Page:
Let’s return to “preacher of the Word.” All Catholics are called to understand and meditate on God’s Word day and night, as the psalms say, but the priest is especially to be immersed in the Gospel. From this immersion he breaks open the Word and guides the faithful through the Gospels, helping to bring God’s Word alive for them. “Shepherding souls” is also a service, in terms of caring for people’s spiritual needs—not only through the sacraments, but also by counseling them, helping them through difficult times and helping them to pray. Finally, the “celebrator of divine worship” leads the community in prayer, especially while presiding at the Eucharist. All these priestly roles flow not just from Vatican II, but fundamentally from the example of Jesus. In short, these are models of service.
The Universal Call to Holiness
None of this means that the priest has any monopoly on holiness or in imitating Christ! The Church speaks of a common call as “priest, prophet and king” that we all receive at our Baptism. One of the Church’s greatest modern scholars, the late Cardinal Avery Dulles, S.J., wrote in his 1997 book, The Priestly Office, “The common priesthood belongs to the whole people of God....Lay persons share the common priesthood with clergy and religious.”
The ordained priest is the public representative of the Church and has specific functions within the ministry of all believers. But each of the priestly roles can, in a sense, also be seen as the roles of the laity, who are also called to preach the Gospel, to care for one another and gather, under the presiding of ordained priests, to participate in the Eucharist.
A key difference is this: The priesthood of the laity flourishes in the secular world. All Christians are called to be disciples who follow and share in the ministry of Jesus. This means that each of those roles is broadly shared: In the formal, sacramental life of the Church they are the service of the ordained; in the secular world they are the service of laity. That’s how I like to think of our “common priesthood.”
A Priesthood in Crisis
The decline in ordained priestly vocations has been a deep concern in recent decades. You can attribute that to several reasons. As we discussed in the preceding section, Vatican II reminded people that it’s not simply priests who have a vocation—everyone has a baptismal call. Catholics today see more than one way to follow the discipleship of Jesus. This may have led to less of a desire for the priesthood and religious life.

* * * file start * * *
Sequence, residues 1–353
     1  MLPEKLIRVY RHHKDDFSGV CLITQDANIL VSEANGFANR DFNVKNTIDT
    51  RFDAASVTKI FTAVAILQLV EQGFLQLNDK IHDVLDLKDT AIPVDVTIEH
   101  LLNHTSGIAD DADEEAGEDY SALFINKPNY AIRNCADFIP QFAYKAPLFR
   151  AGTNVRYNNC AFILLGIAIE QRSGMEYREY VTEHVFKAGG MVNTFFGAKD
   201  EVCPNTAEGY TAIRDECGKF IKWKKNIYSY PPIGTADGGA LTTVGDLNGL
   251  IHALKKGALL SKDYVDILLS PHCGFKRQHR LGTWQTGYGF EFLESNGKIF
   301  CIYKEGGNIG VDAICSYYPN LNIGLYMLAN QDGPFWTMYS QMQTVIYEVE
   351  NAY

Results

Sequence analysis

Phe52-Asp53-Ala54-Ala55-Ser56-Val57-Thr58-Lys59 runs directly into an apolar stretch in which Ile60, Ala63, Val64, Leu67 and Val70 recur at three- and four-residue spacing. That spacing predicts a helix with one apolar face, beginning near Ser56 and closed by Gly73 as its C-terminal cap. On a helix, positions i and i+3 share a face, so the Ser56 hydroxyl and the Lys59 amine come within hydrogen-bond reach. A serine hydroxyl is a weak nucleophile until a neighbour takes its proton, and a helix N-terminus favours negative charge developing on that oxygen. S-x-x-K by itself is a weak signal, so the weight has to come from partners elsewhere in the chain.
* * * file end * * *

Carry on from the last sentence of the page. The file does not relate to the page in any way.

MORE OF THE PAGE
The second reason may be the decline in religiosity in Western culture. That naturally affects priestly vocations.
The third reason may be a lack of desire for long-term commitment. Divorce rates have risen, couples marry later and it’s harder for young people to make lifelong commitments.
Finally, there is a decline in the respect given to celibacy, which today is seen more as a negative than as a positive—that is, a way of loving many people freely and deeply.
The priest, in recent decades, is also no longer seen as the only mediator between the people and God. Happily, the faithful appreciate more their own participatory role in Mass. Prior to Vatican II, the priest and altar, for example, faced the same way the people faced as a sign of deep reverence to God. The turning around of the altar—which expressed that reverence in a new way by reminding us of the presence of God in the faithful—was an important symbol for the Second Vatican Council.
Some years ago, Bishop Kenneth Untener, of Saginaw, Michigan, when speaking to a group of soon-to-be-ordained Jesuits, mentioned that he liked to play the piano. Then he sat down at a piano and said, “I’d like to play you a song.” The bishop sang (on his own) a familiar hymn. Then he said, “Now I’d like you to sing along with me.” We obliged by singing along. Then he said, “What did you think of the first version?” Wondering where this was all going, we said, “Well, it was enjoyable listening to you!”
He continued, “And what did you think about the second version?” And we said, “Well, it was fun to participate with you and to sing along.”
Then the bishop said with a smile, “The first version is the priesthood before Vatican II; the second version is the priesthood after Vatican II.” It was a good illustration of what happened after Vatican II: The faithful became more involved in not just the Mass but also the Church; they have a greater role; they participate more with the priest.
They were certainly participating before, but now it’s more overt. The same is true in our broader understanding of vocation and the “universal call to holiness” (see Lumen Gentium, Ch. 5).